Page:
What my job would eventually teach me was how few people in Richmond actually saw it that way in 1972. After the opening flurry of interest in the new movie theater, with long lines to nearly every show, it was surprising to me when the crowds shrank dramatically in the months that followed.
As VCU students had been a substantial portion of the theater’s initial crowd the slump was chalked off to warm weather, exams and then summer vacation. In that context the first summer of operation was opened to experimentation aimed at drawing customers from beyond the immediate neighborhood.
That gave me an opportunity to do more with a project Levy had put me in charge of developing, using radio to promote it -- Friday and Saturday midnight shows.
With significant input from the theater’s assistant manager, Chuck Wrenn, who was a natural promoter, off-the-wall ad campaigns were designed in-house. There were two essential elements to those promotions:
1. Wacky radio spots had to be created and run on WGOE, a popular AM station aimed directly at the hippie listening audience.
2. Distinctive handbills needed to be posted on utility poles, bulletin boards and in shop windows in high-traffic locations.
Dave DeWitt produced the radio commercials. In his studio, Dave and I frequently collaborated on the making of those spots over six packs of Pabst Blue Ribbon. Most of the time we went for levity, even cheap laughs. Dave was masterful at producing radio commercials; the best I‘ve ever met.
Now DeWitt lives in New Mexico and is known as the Pope of Peppers. He has written dozens of cookbooks and countless articles about food.
Yes, I had been warned that taking sides in politics was dead wrong for a show business entity in Richmond. Taking the liberal side only made it worse. But the two most active partners who were my bosses, Levy and Alan Rubin, who was a geologist turned artist, were delighted with the notion of doing the benefit. They were used to doing much the same up there. So with the full backing of the boys in DeeCee I never hesitated to reveal my left-leaning stances on anything political.
Also in September “Performance” (1970), a somewhat overwrought but well-crafted musical melodrama -- starring Mick Jagger -- packed the house at midnight three weekends in a row. Then a campy, docu-drama called “Reefer Madness” (1936) sold out four consecutive weekends.
The midnight shows were going over like gangbusters. To follow “Reefer Madness” what was then a little-known X-rated comedy, “Deep Throat” (1972), was booked as a midnight show. While we had played a few films that were X-rated, this was our first step across the line to hardcore porn.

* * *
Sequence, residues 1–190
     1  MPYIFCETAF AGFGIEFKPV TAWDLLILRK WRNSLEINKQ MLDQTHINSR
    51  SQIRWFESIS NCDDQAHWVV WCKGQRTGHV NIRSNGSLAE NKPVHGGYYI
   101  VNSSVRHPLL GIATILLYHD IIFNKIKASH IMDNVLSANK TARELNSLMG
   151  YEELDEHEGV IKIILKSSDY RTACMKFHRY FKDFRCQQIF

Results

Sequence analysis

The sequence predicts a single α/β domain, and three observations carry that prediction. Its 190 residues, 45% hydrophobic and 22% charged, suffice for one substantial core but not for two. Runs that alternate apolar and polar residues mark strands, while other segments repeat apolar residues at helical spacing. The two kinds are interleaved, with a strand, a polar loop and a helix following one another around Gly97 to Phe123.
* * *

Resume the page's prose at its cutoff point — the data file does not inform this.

As “Deep Throat” ran only an hour, master prankster Luis Buñuel’s surrealistic classic short film (16 minutes), “Un Chien Andalou” (1929), was added to the bill, just for grins. Although I can’t remember whose idea it was to play “Deep Throat” in the first place, it may have been mine. But I’m pretty sure it was Levy who wanted to add “Un Chien Andalou” to the bill.
It should be noted that like "Deep Throat," Buñuel’s first film, was also called totally obscene in its day. Still, this may have been the only time that particular pair of outlaw flicks ever shared a billing ... anywhere.
A few weeks after “Deep Throat” began playing in Richmond, a judge in Manhattan ruled it was obscene. Suddenly the national media became fascinated with it. The star of "Deep Throat," Linda Lovelace, appeared on network TV talk shows. Watching Johnny Carson pussyfoot around the premise of her celebrated “talent” made for some giggly moments.
Eventually, to be sure of getting in to see this midnight show, patrons began showing up as much as an hour before show time. Standing in line on the brick sidewalk for the spicy midnight show frequently turned into a party. There were nights the line resembled a tailgating scene at a pro football game. A determined band of Jesus Freaks took to standing across the street to issue bullhorn-amplified warnings of hellfire to the patrons waiting in the midnight show line that stretched west on Grace Street. It only added to the scene.
Playing for 17 consecutive weekends, at midnight only, “Deep Throat” grossed over $30,000. That was more dough than the entire production budget of what was America’s first skin-flick blockbuster.
The midnight show’s grosses conveniently made up for the disappointing performance of an eight-week program of venerable European classics at regular hours. It included ten titles by the celebrated Swedish director, Ingmar Bergman. The same package of art house workhorses played extremely well up in Georgetown, underlining what was becoming a painfully underestimated contrast in the two markets.
Even more telling, over the early spring of 1973 a series of imported first-run movies crashed and burned. The centerpiece of the festival was the premiere of the Buñuel masterpiece, “The Discreet Charm of the Bourgeoisie” (1972). In what Levy and I then regarded as a coup, gambling it would win the Best Foreign Film Academy Award, he booked it in advance to open in Richmond two or three days after the Oscars were to be handed out.
We had guessed right, “The Discreet Charm of the Bourgeoisie” took the Oscar, but it flopped in Richmond. The one-year-old cinema’s management team was more than bummed out.
We were stunned by the extent of our miscalculation.
Money had been put up in advance to secure a print, which was in demand because it was doing brisk business in most other cities. The failure of this particular booking and the festival that surrounded it finally forced a serious reassessment of what had been the original plan. The Georgetown Biograph couldn’t prop up its Richmond counterpart forever.